These days, with streaming video and prestige cable competing for audience attention, how does a theatre compete and sell tickets? Well, the first step is to take theatre marketing out of the 19th century and bring it into the 21st. Here are four key tips, gleaned from conversations with some of the best theatre marketing professionals across the U.S.
De-silo. At most theatres, the artistic director selects the shows, then announces the season to their staff, who have a month or two to come up with show art, a marketing plan, and community engagement ideas to sell subscriptions and single tickets. But at Aurora Theatre in Atlanta, marketing and sales manager Al Stilo and his team are involved in season selection and planning, which allows them to identify potential pitfalls.
“When we were doing Lombardi, the artistic leadership wanted to do the show in the fall during football season, but I said that if we were going to get football fans to come, we can’t ask them to make a choice between attending sporting events and coming to the theatre,” Stilo says. “We did the show in January, and were able to partner with the concussion center at Gwinnett Medical, the Atlanta Falcons cheerleaders, and the Green Bay Packers Club in Atlanta to engage the audience. Those people were available because we produced the show outside of football season.”
Go digital. Kathy Neus, director of marketing and communications at Cincinnati Playhouse in the Park, knew she was taking a risk when she eliminated the theatre’s print advertising schedule. Over the course of her 25 years with the company, she has seen the theatre go from getting 20,000 subscribers from mailing two postcards to nabbing 12,700 subscribers by doing everything short of going to every potential patron’s house for a cup of coffee. A few years ago she explored digital ads and social media marketing and found the audience targeting possibilities more exciting. Patrons’ Facebook profiles could tell her everything from favorite food to number of kids to what kind of books they read. This became especially useful when promoting the stage adaptation of Stephen King’s Misery.
“Tons of people like Stephen King, but not all of those people are theatregoers,” Neus says. “On Facebook, Stephen King is so big that he’s an interest, so we did an acquisition campaign just to people who say they’re interested in Stephen King. We got them to click on our ads and visit our website, so that when we started marketing the show, we were hitting those people.”
Engage, then invite. The Public Theater in Manhattan went to the Bronx to host a preview with songs from the show during their production of the Black Panther drama Party People by UNIVERSES. Aurora Theatre’s programs and website are in English and Spanish. Mixed Blood Theatre in Minneapolis has advisory councils for the Latinx, Somali, transgender, and disabled populations in their neighborhood. These theatres have found that the way to get the community into the theatre is to invest in them first.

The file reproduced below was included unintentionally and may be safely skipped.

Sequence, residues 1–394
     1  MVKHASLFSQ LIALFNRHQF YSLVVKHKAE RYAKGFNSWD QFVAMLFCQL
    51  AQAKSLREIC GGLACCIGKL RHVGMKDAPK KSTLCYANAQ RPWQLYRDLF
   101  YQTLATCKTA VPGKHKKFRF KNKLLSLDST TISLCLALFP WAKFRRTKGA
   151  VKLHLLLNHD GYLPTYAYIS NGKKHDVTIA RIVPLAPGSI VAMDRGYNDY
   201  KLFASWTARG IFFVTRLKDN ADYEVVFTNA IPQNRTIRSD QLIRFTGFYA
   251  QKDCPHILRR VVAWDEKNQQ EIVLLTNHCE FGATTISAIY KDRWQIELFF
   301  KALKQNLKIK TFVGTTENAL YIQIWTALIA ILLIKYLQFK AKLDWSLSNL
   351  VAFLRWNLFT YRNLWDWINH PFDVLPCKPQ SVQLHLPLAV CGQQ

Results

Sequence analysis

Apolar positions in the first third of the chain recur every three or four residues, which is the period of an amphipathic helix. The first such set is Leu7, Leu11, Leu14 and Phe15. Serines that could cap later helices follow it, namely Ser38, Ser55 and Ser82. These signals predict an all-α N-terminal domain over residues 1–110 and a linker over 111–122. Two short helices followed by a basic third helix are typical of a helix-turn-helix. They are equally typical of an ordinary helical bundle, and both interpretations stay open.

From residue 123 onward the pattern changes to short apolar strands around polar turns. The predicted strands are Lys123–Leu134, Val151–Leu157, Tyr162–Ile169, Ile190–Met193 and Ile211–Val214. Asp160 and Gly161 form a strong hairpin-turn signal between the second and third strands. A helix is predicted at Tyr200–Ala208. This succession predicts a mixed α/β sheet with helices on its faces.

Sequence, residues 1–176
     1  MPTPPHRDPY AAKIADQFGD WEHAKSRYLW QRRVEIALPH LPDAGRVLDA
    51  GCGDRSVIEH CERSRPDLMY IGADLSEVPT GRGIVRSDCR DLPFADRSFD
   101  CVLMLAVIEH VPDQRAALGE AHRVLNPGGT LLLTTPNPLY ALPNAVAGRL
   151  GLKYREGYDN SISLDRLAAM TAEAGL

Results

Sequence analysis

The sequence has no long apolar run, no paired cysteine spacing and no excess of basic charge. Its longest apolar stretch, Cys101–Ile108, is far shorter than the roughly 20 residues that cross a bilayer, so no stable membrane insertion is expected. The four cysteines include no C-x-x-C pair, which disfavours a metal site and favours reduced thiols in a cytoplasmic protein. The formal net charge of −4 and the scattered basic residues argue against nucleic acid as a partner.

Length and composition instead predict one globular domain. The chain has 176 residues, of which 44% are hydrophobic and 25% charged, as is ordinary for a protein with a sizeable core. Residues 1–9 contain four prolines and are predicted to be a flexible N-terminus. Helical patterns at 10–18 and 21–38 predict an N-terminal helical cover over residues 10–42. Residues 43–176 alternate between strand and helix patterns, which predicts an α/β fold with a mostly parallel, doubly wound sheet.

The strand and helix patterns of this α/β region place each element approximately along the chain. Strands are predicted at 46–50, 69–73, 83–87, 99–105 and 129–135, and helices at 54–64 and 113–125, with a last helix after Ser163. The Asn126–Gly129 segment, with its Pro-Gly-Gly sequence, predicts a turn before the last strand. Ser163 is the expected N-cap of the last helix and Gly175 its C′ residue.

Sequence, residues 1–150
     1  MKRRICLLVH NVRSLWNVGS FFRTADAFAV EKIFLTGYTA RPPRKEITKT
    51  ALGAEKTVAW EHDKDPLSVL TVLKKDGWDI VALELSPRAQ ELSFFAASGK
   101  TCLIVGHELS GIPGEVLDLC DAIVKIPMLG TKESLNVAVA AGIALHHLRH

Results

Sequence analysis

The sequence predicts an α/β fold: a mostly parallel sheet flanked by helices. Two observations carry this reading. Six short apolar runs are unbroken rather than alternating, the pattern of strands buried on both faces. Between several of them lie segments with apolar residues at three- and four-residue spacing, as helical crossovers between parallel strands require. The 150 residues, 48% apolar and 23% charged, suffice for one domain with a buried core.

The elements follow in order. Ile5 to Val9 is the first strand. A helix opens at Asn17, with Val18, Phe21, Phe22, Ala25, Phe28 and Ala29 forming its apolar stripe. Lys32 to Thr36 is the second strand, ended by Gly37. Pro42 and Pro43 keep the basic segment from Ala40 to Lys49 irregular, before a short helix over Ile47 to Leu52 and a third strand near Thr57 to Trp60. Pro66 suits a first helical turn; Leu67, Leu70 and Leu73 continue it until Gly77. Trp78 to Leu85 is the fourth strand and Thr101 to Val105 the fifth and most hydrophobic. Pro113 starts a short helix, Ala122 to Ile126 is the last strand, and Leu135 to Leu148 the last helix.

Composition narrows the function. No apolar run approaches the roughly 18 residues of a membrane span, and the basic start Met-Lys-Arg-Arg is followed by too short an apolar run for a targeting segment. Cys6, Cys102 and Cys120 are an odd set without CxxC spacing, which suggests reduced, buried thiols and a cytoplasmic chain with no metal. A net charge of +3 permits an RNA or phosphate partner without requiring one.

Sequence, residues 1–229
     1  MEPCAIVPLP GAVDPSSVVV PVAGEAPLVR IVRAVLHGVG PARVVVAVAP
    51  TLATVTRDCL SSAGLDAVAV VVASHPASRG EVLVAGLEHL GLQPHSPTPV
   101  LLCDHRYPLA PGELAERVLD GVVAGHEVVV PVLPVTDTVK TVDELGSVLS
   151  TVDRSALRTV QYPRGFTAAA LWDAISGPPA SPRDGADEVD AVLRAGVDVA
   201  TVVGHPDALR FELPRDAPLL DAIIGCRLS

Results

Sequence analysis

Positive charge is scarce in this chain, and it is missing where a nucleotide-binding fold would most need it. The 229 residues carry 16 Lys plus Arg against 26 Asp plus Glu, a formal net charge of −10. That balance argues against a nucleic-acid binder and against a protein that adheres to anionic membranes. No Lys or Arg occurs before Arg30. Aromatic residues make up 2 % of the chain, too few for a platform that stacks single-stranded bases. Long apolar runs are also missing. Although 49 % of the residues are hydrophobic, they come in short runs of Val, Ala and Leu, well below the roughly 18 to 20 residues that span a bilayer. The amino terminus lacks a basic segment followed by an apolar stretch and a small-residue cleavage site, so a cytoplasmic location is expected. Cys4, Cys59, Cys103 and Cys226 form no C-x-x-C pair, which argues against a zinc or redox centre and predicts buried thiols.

“When we are thinking about plays to produce, we give them scripts to read and they advise us on how their communities might react to a given production,” says Keri Clifton, Mixed Blood’s chief engagement officer. “They also help guide practice on casting and hiring production staff, and advise us on how to make our space, our marketing, our website, etcetera more accessible to that community.”
Impress the press. As newsrooms and arts coverage dwindle, getting media attention is an uphill battle for many theatres, especially outside New York City. Often theatre critics are juggling as many jobs as theatre artists, with competing deadlines and an unstable publishing environment. To help combat this, Matt Ross, owner of Matt Ross Public Relations in New York, started hosting press dinners during previews so that reporters could have dinner with new playwrights, performers, and theatre leadership before the show.
“It’s a way to create connection,” Ross says. “Face-to-face is more valuable than ever, and people respond that have never responded before. Theatre isn’t quantifiable—it’s visceral, communal, and experiential. It’s like you’re going through something together. You’re marketing an experience, so you should be talking about how they’re going to feel, not just what they’re going to see.”
It’s not just the art, it’s the institution. The only time most people hear from a theatre is when they are trying to sell them a ticket. What if the theatre also became a place where people could go when they are in search of a place to meet friends, bring the family, or escape the troubles of everyday life? What if audiences had the same love and loyalty for their local theatre that they did to their local baseball team?
Gwydion Suilebhan, director of brand and marketing at Woolly Mammoth Theatre Company in Washington, D.C., believes that every theatre is a brand and that brand is a promise to the communities they serve. Woolly’s brand promise is “rousing, visceral epiphanies,” and he keeps that in mind in everything they do from publicity photos to opening their doors during the Women’s March for protesters to go to the bathroom or get a cup of water.
“Institutional marketing—as opposed to transactional marketing designed to convince patrons to buy tickets to shows—is of critical importance,” says Suilebhan. “It tells people who you are, first and foremost, and by helping them understand you, it also helps them value you. That way, when you do eventually ask them to buy a ticket, they see that exchange as something more meaningful and relevant than a simple transaction.”